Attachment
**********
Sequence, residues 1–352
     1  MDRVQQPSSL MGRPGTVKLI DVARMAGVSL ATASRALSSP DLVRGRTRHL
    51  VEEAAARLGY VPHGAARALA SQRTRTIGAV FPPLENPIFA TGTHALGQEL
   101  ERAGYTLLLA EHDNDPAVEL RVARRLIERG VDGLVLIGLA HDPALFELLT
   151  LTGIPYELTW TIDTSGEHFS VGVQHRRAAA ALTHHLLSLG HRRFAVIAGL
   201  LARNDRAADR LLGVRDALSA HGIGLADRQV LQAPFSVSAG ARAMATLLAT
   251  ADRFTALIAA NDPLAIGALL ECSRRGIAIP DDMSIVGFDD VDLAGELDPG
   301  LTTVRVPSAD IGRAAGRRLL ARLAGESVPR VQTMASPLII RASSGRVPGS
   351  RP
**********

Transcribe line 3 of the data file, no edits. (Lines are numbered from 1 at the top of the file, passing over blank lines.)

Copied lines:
    51  VEEAAARLGY VPHGAARALA SQRTRTIGAV FPPLENPIFA TGTHALGQEL